There are countless radiator retailers online. One of them (Radiator.Com) is advertised at the bottom of this web page, but they didn't have any 3-row radiators for a '95 YJ. RadiatorExpress.Com was back ordered on the radiator I wanted. I checked RadiatorBarn.Com. They had good prices and free ground shipping, but their online order form didn't work, so I kept looking. In retrospect, I really wish I'd ordered from them. Instead, I bought one made by CSF (an Indonesian import brand) from CarRadiator.Com (aka Car Radiator Outlet). It initially cost $195 + $10 overnight shipping. That would get it to me in time to install it the following weekend (or so I thought).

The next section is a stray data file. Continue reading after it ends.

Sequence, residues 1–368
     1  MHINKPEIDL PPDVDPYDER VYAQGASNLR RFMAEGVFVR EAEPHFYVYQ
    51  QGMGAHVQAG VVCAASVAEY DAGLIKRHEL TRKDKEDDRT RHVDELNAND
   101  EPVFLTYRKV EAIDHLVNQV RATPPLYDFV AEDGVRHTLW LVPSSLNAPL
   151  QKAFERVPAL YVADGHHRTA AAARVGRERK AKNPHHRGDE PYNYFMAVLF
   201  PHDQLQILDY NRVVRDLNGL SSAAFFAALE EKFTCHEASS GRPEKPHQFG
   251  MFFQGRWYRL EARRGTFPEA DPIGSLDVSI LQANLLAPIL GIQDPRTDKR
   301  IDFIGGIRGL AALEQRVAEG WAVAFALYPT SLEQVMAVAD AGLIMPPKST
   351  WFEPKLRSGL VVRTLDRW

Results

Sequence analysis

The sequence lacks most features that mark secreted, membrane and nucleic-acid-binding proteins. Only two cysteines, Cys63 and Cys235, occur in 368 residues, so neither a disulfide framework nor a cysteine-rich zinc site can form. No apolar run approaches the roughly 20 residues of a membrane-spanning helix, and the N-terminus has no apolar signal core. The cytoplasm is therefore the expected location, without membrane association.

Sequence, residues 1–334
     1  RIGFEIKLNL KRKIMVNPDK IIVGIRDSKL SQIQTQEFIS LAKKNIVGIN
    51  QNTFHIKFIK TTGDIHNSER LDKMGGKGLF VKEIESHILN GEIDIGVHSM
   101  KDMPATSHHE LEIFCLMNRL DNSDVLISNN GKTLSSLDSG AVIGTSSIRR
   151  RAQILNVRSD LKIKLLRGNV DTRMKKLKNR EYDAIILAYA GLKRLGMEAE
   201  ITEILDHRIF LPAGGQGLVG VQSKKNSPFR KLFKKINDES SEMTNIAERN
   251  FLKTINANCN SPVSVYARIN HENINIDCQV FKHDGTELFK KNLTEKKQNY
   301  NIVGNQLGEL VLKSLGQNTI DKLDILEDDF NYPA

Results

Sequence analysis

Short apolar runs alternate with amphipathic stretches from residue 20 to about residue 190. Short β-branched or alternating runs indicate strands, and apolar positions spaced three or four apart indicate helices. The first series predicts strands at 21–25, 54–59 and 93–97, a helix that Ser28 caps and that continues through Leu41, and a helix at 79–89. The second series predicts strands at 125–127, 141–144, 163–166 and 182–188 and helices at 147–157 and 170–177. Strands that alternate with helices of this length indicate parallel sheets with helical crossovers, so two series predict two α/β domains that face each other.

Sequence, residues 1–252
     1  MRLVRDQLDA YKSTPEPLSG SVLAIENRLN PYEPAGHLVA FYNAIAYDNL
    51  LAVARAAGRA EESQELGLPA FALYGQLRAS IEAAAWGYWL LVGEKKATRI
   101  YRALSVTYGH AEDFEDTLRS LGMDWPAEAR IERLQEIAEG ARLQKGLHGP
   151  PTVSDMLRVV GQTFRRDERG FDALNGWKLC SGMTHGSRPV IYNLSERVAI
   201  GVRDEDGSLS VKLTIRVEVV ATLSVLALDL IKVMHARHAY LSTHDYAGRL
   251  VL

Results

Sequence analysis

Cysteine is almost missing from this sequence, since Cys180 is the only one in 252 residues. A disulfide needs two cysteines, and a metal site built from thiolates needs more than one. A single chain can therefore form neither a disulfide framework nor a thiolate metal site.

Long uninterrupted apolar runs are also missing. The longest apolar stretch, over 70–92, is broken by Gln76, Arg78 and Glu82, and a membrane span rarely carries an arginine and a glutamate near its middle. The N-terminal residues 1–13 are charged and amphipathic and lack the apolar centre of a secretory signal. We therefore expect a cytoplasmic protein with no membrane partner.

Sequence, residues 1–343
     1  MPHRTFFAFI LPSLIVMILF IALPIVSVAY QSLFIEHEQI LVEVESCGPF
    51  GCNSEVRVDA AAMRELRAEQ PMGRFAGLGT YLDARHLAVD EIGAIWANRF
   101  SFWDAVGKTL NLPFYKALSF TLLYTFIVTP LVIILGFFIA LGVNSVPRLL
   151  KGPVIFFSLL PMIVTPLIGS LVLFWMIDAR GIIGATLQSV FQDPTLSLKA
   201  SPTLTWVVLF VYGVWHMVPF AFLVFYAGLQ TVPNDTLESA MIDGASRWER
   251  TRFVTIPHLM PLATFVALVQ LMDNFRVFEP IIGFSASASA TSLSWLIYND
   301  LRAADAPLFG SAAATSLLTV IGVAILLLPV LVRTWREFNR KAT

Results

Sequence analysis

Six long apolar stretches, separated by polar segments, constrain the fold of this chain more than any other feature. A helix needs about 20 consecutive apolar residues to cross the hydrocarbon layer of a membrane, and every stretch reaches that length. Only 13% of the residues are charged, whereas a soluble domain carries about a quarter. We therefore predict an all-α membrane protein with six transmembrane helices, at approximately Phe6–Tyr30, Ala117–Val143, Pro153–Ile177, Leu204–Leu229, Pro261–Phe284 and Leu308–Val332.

Then the fun began.
My radiator showed up the next day (Thursday) via FedEx. The box was kinda beat up, but my wife signed for it anyway and I didn't see any obvious problems with the radiator. On Friday, another radiator showed up. Same invoice number, same everything. Turns out CarRadiator.Com had gotten confused and sent one from two different warehouses. I refused delivery, the called them to confirm that I had only been charged once (I had). On Saturday, I removed my old radiator, but upon further inspection of the new radiator, I found that it had apparently been dropped on the auto tranny hose nipples, and the radiator tank around the nipples was badly dented -- enough so that I didn't want to put it under lots of pressure for fear it would leak eventually.